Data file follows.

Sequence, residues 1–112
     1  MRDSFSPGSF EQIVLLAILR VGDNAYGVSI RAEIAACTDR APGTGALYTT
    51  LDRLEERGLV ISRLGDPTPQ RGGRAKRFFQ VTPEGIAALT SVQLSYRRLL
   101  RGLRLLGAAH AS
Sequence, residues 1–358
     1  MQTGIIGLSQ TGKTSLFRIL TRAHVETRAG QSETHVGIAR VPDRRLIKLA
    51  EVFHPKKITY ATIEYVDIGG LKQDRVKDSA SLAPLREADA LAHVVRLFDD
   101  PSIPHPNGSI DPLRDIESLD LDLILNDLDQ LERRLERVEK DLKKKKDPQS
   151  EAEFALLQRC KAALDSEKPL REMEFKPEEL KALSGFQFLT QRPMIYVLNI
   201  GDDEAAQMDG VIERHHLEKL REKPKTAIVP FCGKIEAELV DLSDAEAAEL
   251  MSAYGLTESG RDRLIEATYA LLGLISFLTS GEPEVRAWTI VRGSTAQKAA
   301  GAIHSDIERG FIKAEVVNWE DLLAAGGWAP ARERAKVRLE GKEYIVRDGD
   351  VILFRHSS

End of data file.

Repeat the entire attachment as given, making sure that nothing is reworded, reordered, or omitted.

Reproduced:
Sequence, residues 1–112
     1  MRDSFSPGSF EQIVLLAILR VGDNAYGVSI RAEIAACTDR APGTGALYTT
    51  LDRLEERGLV ISRLGDPTPQ RGGRAKRFFQ VTPEGIAALT SVQLSYRRLL
   101  RGLRLLGAAH AS
Sequence, residues 1–358
     1  MQTGIIGLSQ TGKTSLFRIL TRAHVETRAG QSETHVGIAR VPDRRLIKLA
    51  EVFHPKKITY ATIEYVDIGG LKQDRVKDSA SLAPLREADA LAHVVRLFDD
   101  PSIPHPNGSI DPLRDIESLD LDLILNDLDQ LERRLERVEK DLKKKKDPQS
   151  EAEFALLQRC KAALDSEKPL REMEFKPEEL KALSGFQFLT QRPMIYVLNI
   201  GDDEAAQMDG VIERHHLEKL REKPKTAIVP FCGKIEAELV DLSDAEAAEL
   251  MSAYGLTESG RDRLIEATYA LLGLISFLTS GEPEVRAWTI VRGSTAQKAA
   301  GAIHSDIERG FIKAEVVNWE DLLAAGGWAP ARERAKVRLE GKEYIVRDGD
   351  VILFRHSS